Last week, my Dad handed me two letters that had been written by Eric Enright; my great-uncle who was once the pastor of Royal Oak Baptist. Dad received these from a member of his faith community who had ties to people at Royal Oak in the mid-1950’s. I never got to meet my great-uncle Eric, but after reading these letters, I think I would’ve liked him.
I have good news for you. I am today sending forward an official invitation to John Lo to come over and be our missionary to the Auckland Chinese community. How do you like that?”
While Eric was the pastor of Royal Oak Baptist, he identified a need in the wider community. It seems that Eric recognised that the demographic of his community was not represented in his church, and he realised he may not be the one to remedy that. I think Uncle Eric had a heart for the Chinese population in his community, yearning deeply for them to know their Creator and the love of a man named Jesus. He wanted the Chinese community to be ministered to in a way that honoured their culture and their particularities. He recognised that his faith community was missing an opportunity to be in mutual relationship with a people group that God had created; a people group who would add huge vibrancy and richness to the church, painting a more full and wonderful picture of the Kingdom on earth.
Of course we are thrilled with their decision and also with the speed at which they arrived at it and we are happy to take action.” Uncle Eric was ready to take action. He didn’t just talk about what God might do, he stepped out boldly and expected God to work.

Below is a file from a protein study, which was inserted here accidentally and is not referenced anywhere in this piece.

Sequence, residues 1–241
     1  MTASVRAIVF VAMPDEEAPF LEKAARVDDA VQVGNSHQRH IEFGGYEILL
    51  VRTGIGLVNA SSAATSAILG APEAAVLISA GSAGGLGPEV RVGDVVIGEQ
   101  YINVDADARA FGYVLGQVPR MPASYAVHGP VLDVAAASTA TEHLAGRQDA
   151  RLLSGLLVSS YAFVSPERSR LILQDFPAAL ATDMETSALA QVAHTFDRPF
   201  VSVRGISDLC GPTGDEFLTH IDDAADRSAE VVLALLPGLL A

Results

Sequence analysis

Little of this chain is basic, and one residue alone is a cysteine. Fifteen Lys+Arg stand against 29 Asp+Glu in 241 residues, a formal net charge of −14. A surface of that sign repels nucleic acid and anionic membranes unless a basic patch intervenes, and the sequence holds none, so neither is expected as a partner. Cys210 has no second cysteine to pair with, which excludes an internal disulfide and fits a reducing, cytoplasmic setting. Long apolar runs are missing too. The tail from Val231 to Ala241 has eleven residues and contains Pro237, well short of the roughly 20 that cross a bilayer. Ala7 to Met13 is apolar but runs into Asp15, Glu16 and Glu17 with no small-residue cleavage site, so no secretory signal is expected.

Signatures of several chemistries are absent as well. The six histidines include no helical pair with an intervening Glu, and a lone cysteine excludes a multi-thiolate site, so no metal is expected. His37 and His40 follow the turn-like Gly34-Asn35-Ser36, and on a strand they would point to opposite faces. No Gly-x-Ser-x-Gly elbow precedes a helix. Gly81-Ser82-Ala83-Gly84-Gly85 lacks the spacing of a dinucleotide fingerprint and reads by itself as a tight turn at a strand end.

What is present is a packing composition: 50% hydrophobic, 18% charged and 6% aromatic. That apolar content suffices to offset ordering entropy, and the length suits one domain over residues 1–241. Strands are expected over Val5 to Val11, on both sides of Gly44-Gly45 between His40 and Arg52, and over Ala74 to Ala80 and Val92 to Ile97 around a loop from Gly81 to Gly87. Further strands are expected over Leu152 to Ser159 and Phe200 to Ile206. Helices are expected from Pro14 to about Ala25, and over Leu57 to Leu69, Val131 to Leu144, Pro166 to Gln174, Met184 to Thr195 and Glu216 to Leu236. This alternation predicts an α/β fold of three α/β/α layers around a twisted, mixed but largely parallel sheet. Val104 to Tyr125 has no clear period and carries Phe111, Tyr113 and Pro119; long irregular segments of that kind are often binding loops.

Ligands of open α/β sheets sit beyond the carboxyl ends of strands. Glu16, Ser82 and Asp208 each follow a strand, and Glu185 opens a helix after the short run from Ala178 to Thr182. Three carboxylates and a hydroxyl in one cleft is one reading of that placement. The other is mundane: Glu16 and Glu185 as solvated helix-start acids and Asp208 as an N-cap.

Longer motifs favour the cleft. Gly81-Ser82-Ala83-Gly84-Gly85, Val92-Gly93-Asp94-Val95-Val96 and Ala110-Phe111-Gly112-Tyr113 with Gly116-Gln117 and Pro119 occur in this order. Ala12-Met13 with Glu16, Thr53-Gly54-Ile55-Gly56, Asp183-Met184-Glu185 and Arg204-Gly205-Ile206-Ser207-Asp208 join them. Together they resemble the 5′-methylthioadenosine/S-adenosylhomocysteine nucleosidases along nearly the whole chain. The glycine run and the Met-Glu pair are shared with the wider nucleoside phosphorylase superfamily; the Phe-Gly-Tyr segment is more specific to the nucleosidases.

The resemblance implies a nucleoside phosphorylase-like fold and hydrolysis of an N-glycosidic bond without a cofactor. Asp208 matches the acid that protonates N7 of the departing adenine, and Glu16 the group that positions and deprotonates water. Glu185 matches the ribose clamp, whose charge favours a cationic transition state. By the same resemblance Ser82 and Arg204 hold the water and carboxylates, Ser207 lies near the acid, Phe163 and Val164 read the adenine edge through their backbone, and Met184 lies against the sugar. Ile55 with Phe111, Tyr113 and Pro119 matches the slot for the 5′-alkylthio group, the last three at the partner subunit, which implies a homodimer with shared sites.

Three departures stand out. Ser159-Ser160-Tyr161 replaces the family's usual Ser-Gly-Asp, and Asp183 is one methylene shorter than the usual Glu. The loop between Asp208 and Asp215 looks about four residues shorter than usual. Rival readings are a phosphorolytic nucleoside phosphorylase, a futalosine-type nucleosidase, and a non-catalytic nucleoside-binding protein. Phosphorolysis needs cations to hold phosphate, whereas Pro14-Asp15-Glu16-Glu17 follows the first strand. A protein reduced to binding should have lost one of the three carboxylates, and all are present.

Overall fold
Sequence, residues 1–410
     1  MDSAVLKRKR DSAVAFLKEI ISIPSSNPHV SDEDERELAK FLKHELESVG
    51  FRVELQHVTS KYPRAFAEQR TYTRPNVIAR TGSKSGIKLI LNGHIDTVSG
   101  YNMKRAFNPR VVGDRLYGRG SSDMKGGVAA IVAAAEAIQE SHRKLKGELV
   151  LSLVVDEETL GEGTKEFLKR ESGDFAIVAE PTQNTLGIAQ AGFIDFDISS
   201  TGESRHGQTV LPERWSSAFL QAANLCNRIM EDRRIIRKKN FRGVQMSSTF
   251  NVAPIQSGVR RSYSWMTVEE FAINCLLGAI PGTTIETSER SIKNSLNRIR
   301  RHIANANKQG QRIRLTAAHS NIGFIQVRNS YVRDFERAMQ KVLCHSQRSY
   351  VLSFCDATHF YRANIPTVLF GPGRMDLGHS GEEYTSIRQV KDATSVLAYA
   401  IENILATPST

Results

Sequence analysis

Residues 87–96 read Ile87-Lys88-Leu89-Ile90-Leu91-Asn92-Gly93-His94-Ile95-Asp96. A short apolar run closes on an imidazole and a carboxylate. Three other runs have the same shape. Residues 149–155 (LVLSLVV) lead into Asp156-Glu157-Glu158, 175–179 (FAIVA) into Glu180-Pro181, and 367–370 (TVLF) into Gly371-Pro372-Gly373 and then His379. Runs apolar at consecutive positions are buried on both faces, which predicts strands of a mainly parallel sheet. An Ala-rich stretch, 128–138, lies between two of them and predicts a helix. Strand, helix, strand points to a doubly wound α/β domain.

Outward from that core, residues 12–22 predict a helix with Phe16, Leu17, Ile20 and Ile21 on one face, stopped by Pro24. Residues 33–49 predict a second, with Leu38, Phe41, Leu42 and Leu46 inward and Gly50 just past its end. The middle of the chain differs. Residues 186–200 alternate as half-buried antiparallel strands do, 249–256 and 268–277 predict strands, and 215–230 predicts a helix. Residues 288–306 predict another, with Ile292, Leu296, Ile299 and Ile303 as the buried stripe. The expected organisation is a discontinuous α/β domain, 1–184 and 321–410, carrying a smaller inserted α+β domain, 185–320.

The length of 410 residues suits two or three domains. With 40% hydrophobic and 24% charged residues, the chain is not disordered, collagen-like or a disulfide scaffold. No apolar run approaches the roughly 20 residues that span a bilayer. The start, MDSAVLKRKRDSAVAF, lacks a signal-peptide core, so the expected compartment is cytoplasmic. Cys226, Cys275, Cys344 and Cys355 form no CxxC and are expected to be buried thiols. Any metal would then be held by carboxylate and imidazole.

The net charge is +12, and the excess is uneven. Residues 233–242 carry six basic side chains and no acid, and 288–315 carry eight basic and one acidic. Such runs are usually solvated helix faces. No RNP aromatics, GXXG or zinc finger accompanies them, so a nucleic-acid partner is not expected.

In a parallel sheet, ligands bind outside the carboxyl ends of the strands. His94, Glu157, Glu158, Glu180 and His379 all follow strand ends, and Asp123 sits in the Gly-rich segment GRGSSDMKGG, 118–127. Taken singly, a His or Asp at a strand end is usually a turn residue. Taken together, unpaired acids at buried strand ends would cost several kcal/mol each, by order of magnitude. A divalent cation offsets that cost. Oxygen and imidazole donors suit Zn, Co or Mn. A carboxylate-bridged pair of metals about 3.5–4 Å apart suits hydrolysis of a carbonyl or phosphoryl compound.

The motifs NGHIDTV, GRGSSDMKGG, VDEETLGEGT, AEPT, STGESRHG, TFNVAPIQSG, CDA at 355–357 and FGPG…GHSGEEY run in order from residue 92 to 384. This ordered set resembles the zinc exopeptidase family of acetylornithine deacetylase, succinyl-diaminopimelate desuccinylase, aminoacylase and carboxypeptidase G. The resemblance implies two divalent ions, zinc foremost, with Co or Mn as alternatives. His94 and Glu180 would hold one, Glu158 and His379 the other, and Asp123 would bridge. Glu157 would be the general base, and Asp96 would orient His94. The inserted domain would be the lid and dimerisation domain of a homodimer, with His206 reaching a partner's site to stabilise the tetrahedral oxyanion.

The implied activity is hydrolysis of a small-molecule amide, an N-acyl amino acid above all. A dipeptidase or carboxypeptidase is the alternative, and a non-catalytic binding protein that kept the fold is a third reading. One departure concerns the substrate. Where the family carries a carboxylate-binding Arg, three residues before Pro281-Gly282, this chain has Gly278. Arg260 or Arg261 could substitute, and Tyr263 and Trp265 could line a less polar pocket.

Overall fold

We’ve gone through a few changes recently, and a large one has been reimagining what our mutual relationships with other countries and people groups might look like. We are desperate to partner in a way that is honouring and affirming of the Christ at work in others. As AJ says in our strategy plan, “joining God in God’s mission transforms everyone involved. We are not told to go and colonise the nations. We don’t bring the image of God to other people, we identify the image of God in other people. We go, knowing that our missionary God has already gone before us. We go with a listening and learning posture, so we see the good news incarnated in another culture and better understand our own cultural baggage in the process. . . Peter thought that Cornelius was the one who needed to be converted, but God showed Peter that he also needed conversion (Acts 10) .”
I’m not sure if pastor John Lo ever made it to Aotearoa, or if he did, what the impact of his work was. I do know that I’m pretty stoked to a share a last name with Eric- and I hope that in a couple of generations time, young people are saying that about us and our churches too.